Golden State Water invested $136 million in Company funded capital project in 2019, continuing our strong investment levels. We expect to invest $120 million to $135 million in 2020. You may recall that in last October, we amended American States Water credit facility temporarily increasing it's borrowing capacity from $200 million to $225 million through June this year. Earlier this month, AWR received a binding commitment from its lender for the option to revise the temporary increase of the credit facility to $260 million through the end of this year. We'll be able to exercise this commitment and have immediate access to the additional funds when needed.

The borrowing capacity will refer to $200 million at the end of this year. Golden State Water has a financing application on file with the CPUC we intended -- we intend to issue long-term debt after the financing application is approved. At this time, we do not expect American States Water to issue additional equity.

With that, I'll turn the call back to Bob.

Robert J. Sprowls -- President and Chief Executive Officer

Thank you, Eva. I'd like to provide an update on our recent regulatory activity. As I mentioned, 2019 was a big year for concluding rate cases. The final decision in the water general rate case allows us to invest $334.5 million in capital infrastructure over the three-year rate cycle. This includes $20.4 million of capital projects to be filed for revenue recovery through advice letters when those projects are completed. As a reminder, the water segment has an earnings test it must meet before implementing the second and third year step increases in the three-year rate cycle.

I'm pleased to report that we have timely invested in our capital projects, and achieved capital spending consistent with the amount authorized by the CPUC. As a result, full step increases have been implemented for 2020, and are expected to generate an additional $10.4 million in water gross margin. We continue to make prudent and timely capital investments. As such, we expect an additional step increase of approximately $11.4 million in the water gross margin in 2021, subject to the results of an earnings test, and changes to the forecasted inflationary index values.

We are currently preparing our next water general rate case, which will be filed in July of this year, for new rates beginning in 2022. In January 2020, Golden State Water along with the three other large California water utilities requested a deferral of the date by which each of them must file their next cost of capital application. If approved the request would postpone this filing date by one year until May 1st, 2021, with a corresponding effective date of January 1st, 2022. The joint parties are currently awaiting the CPUC's response to this request.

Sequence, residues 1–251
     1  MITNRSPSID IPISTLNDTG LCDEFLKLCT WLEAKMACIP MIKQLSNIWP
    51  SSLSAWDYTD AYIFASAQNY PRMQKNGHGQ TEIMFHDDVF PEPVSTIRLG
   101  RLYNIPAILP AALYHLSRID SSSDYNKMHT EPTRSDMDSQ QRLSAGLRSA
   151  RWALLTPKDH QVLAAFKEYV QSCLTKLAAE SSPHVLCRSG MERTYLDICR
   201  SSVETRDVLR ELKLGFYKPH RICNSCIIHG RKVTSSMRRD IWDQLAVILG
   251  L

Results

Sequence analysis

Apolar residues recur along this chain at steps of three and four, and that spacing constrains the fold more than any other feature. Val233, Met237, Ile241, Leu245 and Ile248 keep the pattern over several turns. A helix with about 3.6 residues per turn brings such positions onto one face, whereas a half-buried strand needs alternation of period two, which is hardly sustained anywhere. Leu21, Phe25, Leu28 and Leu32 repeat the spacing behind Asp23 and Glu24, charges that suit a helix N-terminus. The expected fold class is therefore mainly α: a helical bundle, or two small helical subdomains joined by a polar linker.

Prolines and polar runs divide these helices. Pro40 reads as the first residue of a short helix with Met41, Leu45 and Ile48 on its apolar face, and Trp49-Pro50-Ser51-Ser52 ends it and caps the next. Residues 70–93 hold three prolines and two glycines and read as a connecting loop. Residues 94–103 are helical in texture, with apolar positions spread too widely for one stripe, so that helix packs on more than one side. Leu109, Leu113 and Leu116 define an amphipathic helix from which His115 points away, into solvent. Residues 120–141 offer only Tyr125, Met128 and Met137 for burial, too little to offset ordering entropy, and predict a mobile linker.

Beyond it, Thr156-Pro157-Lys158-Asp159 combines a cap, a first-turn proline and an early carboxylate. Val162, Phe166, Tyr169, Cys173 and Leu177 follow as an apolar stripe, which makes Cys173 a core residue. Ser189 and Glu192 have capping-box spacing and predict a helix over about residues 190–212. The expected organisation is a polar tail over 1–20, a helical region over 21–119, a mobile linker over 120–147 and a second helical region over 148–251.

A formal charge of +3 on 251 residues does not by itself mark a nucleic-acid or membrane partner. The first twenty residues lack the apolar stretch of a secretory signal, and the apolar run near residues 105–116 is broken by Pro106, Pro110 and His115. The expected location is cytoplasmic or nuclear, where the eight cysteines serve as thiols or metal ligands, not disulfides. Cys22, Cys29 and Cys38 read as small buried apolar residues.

The CPUC's 2019 final decision on our electric rate case authorized new rates for 2018 through 2022. Among other things, the decision authorizes the Company to construct all the capital projects requested in the application, and provides additional funding for the fifth year added to the rate cycle, which total approximately $44 million of capital projects over the five-year rate cycle. It also authorizes increase to the adopted electric gross margin by $1.2 million for each of the years, 2019 and 2020, by $1.1 million in 2021 and by $1 million in 2022. The rate increases for 2019 through 2022 are not subject to an earnings test.

We also filed an application with the CPUC for the development of a turnkey solar project estimated to cost $14.3 million. As you'll see from this slide, the weighted average water rate base as authorized by the CPUC has grown from $717 million in 2017 to $916 million in 2020, a compound annual growth rate of 8.5%. Rate base amounts for 2020 do not include the $20.4 million of advice letter projects as discussed previously.

Let's move on to ASUS on Slide 17. 2019 marks the highest annual earnings per share contribution from ASUS in the Company's history. We were awarded our first military contract in 2004, and today we have eight contracts covering 11 military bases. Earnings for 2019 were $0.05 per share higher than in 2018. Major contributors to the higher earnings include a full year of operations at Fort Riley, as well as an increase in the management fee revenues at the other military bases, resulting from the successful resolution of various price adjustments during 2018 and 2019. We continue to work closely with the U.S. government for contract modifications relating to potential capital upgrade work for improvement of the water and wastewater infrastructure at the military bases we serve.

During 2019, the U.S. government awarded ASUS $23 million in new construction projects for completion in 2019 and 2020. Completion of filings for economic price adjustments requests for equitable adjustment, asset transfers and contract modifications awarded for new projects provide ASUS with additional revenues and dollar margin. We are actively involved in various stages of the proposal process at a number of other bases considering privatization. The U.S. government is expected to release additional bases for bidding over the next several years. Due to our strong relationship with the U.S. government, as well as our expertise and experience in managing bases, we are well-positioned to compete for these new contracts.